Programs like Lil’ Miss Atrazine engage community members in environmental monitoring for atrazine in Midwest surface waters during times of intensive atrazine use, mostly in Illinois. Last year, they took samples across Illinois on June 7th, and the monitors detected atrazine in surface waters.

PAN monitored for atrazine in Midwest drinking water back in 2012, and the chemical showed up in 64 percent of the samples taken in communities in Illinois, Nebraska, Iowa and Minnesota. These samples were taken at around the time of the spring flush, as well.

Levels of exposure in drinking water are likely to be fairly low, and are frequently are found to be below EPA’s MCL. However, there is strong science raising questions as to whether exposure to atrazine is safe even at very “low levels.”

In part, this is because atrazine is a known endocrine disruptor, with studies documenting adverse effects on the development of the male gonad among all of the vertebrate classes—amphibians, fish, mammals, birds, and reptiles. These effects have been found at very low doses (including levels below the EPA’s MCL).

And there’s more. In addition to compelling evidence showing the potential for reproductive health harms, atrazine exposure has been linked to birth defects. In 2011, EPA’s scientific advisory panel cited a link between atrazine and certain types of cancer.

An herbicide that knows no boundaries…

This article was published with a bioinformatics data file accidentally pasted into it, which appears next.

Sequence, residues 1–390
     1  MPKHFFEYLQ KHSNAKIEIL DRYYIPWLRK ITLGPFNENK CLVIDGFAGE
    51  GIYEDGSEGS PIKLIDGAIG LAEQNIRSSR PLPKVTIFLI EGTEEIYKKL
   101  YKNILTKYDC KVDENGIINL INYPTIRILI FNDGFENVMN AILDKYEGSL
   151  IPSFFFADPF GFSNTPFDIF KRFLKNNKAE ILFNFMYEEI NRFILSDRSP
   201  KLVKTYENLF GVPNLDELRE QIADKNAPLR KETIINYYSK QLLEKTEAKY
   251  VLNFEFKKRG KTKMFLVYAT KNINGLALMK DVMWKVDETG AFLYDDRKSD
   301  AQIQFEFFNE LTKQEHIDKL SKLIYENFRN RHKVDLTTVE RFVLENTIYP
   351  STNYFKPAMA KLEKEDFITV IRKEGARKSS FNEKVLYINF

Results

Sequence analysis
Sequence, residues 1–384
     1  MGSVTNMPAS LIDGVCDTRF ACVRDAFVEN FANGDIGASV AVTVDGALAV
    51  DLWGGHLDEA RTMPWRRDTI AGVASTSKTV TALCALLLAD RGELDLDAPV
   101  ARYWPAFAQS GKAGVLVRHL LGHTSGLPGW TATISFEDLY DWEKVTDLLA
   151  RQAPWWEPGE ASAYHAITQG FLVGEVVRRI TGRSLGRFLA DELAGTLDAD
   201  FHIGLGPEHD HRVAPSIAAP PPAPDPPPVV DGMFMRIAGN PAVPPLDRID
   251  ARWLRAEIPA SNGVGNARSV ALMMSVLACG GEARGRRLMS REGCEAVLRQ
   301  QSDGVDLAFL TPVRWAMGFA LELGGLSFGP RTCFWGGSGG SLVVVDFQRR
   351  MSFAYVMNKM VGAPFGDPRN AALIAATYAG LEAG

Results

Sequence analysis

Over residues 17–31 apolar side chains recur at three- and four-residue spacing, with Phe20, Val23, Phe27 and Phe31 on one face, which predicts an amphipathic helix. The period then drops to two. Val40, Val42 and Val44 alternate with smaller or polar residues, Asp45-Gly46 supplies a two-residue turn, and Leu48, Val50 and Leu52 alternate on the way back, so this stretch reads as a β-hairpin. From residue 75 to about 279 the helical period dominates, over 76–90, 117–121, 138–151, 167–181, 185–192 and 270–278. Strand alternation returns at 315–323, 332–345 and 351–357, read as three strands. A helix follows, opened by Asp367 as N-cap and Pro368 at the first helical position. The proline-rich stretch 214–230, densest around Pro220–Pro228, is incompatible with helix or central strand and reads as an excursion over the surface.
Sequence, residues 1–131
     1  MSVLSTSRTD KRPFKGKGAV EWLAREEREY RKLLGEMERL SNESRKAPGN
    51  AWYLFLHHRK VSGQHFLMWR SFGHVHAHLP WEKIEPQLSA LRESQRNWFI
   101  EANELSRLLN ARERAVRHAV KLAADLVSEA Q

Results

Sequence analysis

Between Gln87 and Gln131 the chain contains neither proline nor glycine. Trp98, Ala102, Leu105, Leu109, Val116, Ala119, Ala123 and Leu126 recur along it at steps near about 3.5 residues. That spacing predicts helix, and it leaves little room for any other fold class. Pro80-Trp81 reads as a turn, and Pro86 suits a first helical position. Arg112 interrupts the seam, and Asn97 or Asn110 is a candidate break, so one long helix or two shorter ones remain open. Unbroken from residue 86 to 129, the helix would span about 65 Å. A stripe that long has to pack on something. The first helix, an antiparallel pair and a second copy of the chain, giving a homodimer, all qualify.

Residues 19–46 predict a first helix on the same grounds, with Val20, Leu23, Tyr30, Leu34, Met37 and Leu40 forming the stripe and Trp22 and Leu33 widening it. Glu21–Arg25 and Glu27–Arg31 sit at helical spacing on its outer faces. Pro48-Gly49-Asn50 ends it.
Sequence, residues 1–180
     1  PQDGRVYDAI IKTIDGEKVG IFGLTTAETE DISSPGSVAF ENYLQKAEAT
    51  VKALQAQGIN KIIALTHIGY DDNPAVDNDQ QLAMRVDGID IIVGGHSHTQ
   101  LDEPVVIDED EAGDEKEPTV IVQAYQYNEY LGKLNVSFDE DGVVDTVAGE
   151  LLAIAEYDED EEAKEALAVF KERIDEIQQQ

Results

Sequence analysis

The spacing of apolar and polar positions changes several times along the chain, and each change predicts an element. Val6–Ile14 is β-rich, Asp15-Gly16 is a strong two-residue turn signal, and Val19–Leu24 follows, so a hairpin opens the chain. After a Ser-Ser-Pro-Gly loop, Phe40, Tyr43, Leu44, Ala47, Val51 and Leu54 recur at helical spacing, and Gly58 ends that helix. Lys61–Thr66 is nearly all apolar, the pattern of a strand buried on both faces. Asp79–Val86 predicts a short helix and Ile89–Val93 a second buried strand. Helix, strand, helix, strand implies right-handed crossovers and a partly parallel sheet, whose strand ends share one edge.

In 2008, USDA found atrazine in 94 percent of the drinking water tested. EPA’s 2011 scientific advisory panel raised concerns over atrazine-contaminated drinking water supplies that exposed at least three million people.

I could write a lot more about atrazine and why we should be concerned. But I’ll end here with my main take-home points:

~Spring pulses of herbicides into surface water are now predictable, man-made events.

~Atrazine is an endocrine disruptor that contaminates drinking water in areas where it is used–primarily the Midwest.

One last, very important point. A 2013 paper on the benefits of atrazine found that “under Syngenta’s own assumptions, corn growers’ revenues would actually increase by 3.2 percent if atrazine became unavailable.”

Hmm. So tell me again why we’re using this stuff in the first place?

Adapted from Pesticide Action Network’s GroundTruth


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Pesticide Action Network North America (PAN North America, or PANNA) works to replace the use of hazardous pesticides with ecologically sound and socially just alternatives. As one of five PAN Regional Centers worldwide, we link local and international consumer, labor, health, environment and agriculture groups into an international citizens’ action network. This network challenges the global proliferation of pesticides, defends basic rights to health and environmental quality, and works to ensure the transition to a just and viable society.

Connect with PANNA on Facebook and on their website!


Image via ShutterStock